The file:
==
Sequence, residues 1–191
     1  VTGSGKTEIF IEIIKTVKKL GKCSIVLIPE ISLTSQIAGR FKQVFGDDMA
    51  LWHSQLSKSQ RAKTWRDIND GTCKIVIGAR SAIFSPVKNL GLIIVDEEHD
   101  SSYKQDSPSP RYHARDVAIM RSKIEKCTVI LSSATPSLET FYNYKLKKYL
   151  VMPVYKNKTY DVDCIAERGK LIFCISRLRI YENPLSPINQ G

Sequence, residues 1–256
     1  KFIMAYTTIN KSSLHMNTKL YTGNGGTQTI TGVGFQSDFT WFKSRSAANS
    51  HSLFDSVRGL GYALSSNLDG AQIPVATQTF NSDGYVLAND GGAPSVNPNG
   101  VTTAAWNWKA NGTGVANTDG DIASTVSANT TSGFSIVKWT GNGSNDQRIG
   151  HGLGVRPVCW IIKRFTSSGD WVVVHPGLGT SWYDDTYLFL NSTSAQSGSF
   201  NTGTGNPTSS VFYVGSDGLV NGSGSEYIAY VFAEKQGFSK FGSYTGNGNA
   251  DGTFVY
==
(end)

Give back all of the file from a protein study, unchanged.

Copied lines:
Sequence, residues 1–191
     1  VTGSGKTEIF IEIIKTVKKL GKCSIVLIPE ISLTSQIAGR FKQVFGDDMA
    51  LWHSQLSKSQ RAKTWRDIND GTCKIVIGAR SAIFSPVKNL GLIIVDEEHD
   101  SSYKQDSPSP RYHARDVAIM RSKIEKCTVI LSSATPSLET FYNYKLKKYL
   151  VMPVYKNKTY DVDCIAERGK LIFCISRLRI YENPLSPINQ G

Sequence, residues 1–256
     1  KFIMAYTTIN KSSLHMNTKL YTGNGGTQTI TGVGFQSDFT WFKSRSAANS
    51  HSLFDSVRGL GYALSSNLDG AQIPVATQTF NSDGYVLAND GGAPSVNPNG
   101  VTTAAWNWKA NGTGVANTDG DIASTVSANT TSGFSIVKWT GNGSNDQRIG
   151  HGLGVRPVCW IIKRFTSSGD WVVVHPGLGT SWYDDTYLFL NSTSAQSGSF
   201  NTGTGNPTSS VFYVGSDGLV NGSGSEYIAY VFAEKQGFSK FGSYTGNGNA
   251  DGTFVY